Vaclav Smil on natural gas (ethane) and plastics

Preface. Vaclav Smil doesn’t mention using plastic for heat, but in a letter to The Guardian, David Reed suggests:

“The effort of collecting, transporting and cleaning plastics for possible recycling has largely failed, created much more pollution and contributed massively to climate change. The idea of burning plastics and using the energy to heat our homes was proposed by the plastics company Dow more than 30 years ago: it suggested treating all plastics as “borrowed oil”. At that time, ordinary domestic waste had a calorific value of low-grade coal, so the suggestion was that this waste should be burned in efficient plants with heat recovery and treatment of the gases produced, perhaps even trapping the carbon dioxide produced, rather than trying to recycle the complex (and dirty) mix of plastics.  Today, with higher use of more complex plastics, this makes even more sense. Mixed plastics cannot really be recycled: they are long-chain molecules, like spaghetti, so if you reheat and reprocess them, you inevitably end up with something of lower performance; it’s called down-cycling.”

While this could be polluting if not done right, people will certainly turn to burning plastic and anything else they can get their hands on at some point of energy decline. Better to do it correctly now in an incinerator than in backyards in the future as well as to protect our land and waterways from plastic pollution right now.

Thermal recycling processes require temperatures of between 300 °C and 900 °C (572 °F to 1,650 °F), consuming a whole lot of energy (Nakaji 2021).

Alice Friedemann  author of “Life After Fossil Fuels: A Reality Check on Alternative Energy”, 2021, Springer; “When Trucks Stop Running: Energy and the Future of Transportation”, 2015, Springer, Barriers to Making Algal Biofuels, and “Crunch! Whole Grain Artisan Chips and Crackers”. Podcasts: Collapse Chronicles, Derrick Jensen, Practical Prepping, KunstlerCast 253, KunstlerCast278, Peak Prosperity , XX2 report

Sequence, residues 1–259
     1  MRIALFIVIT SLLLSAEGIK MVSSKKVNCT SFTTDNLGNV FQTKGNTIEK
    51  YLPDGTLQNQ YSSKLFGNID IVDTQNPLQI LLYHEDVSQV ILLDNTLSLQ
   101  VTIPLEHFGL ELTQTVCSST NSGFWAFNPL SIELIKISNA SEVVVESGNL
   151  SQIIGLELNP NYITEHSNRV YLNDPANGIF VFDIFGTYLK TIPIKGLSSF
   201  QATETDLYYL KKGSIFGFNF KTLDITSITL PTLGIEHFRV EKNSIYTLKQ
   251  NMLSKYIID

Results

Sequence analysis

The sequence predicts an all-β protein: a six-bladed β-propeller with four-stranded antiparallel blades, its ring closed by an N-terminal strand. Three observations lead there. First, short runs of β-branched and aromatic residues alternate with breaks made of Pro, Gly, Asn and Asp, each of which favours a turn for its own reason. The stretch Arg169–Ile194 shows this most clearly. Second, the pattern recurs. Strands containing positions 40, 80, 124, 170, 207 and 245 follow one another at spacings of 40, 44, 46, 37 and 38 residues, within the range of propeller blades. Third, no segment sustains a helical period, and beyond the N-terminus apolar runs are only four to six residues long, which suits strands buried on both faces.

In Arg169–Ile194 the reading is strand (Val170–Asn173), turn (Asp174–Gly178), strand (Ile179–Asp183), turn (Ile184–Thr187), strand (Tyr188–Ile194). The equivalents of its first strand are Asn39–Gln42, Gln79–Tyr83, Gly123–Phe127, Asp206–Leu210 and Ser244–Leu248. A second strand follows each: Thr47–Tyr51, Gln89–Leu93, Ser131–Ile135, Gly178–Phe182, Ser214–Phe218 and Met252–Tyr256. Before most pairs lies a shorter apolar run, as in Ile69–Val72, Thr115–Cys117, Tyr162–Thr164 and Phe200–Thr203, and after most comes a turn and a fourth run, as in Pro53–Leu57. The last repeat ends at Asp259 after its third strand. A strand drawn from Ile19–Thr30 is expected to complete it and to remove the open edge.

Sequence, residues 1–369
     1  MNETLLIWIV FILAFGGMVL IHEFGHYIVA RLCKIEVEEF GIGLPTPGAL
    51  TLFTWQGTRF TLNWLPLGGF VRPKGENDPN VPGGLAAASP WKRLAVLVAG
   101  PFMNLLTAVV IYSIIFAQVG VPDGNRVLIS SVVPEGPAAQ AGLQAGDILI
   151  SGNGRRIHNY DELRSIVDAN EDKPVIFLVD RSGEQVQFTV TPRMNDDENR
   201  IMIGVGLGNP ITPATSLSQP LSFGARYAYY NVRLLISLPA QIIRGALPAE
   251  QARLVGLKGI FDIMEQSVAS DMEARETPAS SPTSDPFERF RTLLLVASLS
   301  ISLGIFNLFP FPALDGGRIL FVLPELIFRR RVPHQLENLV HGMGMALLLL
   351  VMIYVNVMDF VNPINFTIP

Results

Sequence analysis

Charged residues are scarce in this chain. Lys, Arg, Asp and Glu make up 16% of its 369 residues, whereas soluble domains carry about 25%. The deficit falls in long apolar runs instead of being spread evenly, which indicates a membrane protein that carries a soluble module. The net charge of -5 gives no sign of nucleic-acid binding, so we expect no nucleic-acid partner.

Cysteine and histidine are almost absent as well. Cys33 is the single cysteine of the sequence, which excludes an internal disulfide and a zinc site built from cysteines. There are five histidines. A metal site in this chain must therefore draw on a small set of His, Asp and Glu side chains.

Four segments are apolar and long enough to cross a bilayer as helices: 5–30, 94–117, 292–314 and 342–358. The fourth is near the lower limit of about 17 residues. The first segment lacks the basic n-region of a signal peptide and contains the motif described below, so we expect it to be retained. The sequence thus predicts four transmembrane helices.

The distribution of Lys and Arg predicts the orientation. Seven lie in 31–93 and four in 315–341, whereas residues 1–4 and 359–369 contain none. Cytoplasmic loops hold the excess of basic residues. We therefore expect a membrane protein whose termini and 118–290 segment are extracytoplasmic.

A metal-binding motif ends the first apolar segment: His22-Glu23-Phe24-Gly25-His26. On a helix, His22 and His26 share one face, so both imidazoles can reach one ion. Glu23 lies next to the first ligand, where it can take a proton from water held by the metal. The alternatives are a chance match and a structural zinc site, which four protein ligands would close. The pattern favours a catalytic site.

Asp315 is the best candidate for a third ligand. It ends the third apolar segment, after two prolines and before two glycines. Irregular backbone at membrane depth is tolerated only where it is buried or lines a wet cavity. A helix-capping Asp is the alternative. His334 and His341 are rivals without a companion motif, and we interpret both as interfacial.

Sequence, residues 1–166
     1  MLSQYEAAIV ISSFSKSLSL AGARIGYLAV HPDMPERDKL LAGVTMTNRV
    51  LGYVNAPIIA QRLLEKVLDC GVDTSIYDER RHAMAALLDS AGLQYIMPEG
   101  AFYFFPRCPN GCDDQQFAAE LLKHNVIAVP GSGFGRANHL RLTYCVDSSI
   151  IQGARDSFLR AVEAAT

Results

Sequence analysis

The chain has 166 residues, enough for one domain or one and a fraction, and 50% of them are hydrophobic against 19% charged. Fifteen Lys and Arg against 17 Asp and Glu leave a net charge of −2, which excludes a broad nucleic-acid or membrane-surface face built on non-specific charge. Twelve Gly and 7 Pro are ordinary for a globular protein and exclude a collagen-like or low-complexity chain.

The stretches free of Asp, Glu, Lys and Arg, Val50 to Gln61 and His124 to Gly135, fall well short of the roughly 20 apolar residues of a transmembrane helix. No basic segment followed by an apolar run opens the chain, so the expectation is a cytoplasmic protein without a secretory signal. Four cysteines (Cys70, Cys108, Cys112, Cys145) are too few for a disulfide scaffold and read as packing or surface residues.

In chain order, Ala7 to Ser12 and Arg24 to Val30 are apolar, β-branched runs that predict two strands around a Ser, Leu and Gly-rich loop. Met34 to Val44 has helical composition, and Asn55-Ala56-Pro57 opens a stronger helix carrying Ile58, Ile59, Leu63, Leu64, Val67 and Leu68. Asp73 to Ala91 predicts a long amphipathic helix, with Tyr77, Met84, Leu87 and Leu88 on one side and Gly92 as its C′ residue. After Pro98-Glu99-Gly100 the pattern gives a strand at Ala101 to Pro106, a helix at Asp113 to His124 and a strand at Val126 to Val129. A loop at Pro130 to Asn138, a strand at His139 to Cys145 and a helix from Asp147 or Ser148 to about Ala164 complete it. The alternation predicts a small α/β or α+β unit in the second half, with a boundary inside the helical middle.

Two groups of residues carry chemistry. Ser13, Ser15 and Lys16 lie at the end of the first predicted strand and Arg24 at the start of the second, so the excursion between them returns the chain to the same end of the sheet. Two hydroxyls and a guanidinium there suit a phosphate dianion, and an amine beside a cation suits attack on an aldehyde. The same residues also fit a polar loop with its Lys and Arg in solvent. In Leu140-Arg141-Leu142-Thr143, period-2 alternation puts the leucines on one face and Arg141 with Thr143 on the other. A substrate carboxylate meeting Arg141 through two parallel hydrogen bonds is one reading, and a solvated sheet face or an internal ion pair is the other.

Vaclav Smil. 2013. Making the Modern World: Materials and Dematerialization.  Wiley.

Polyethylene (PE) is by far the most important thermoplastic (it accounted for 29% of the world’s aggregate plastic output, or roughly 77 Mt, in 2010), polypropylene (PP) comes next (with about 19% or 50 Mt in 2010), followed by polyvinyl chloride (PVC, about 12% or 32 Mt in 2010).

In 2010, packaging consumed almost 40% of the total (mostly as various kinds of PE and PP), construction about 20% (mostly for plastic sheets used as vapor barriers in wall and ceiling insulation), the auto industry claimed nearly 8% (interior trim, exterior parts), and the electrical and electronic industry took about 6% (mostly for insulation of wires and cables).

All of these products begin as ethane. In North America and the Middle East ethane is separated from natural gas, and low gas prices and abundant supply led to surplus production for export and favored further construction of new capacities: in 2012 Qatar launched the world’s largest LDPE plant and, largely as a result of shale gas extraction, new ethylene capacities are planned in the USA (Stephan, 2012). The dominant feedstock for ethane in Europe, where prices of imported natural gas are high, is naphtha derived by the distillation of crude oil.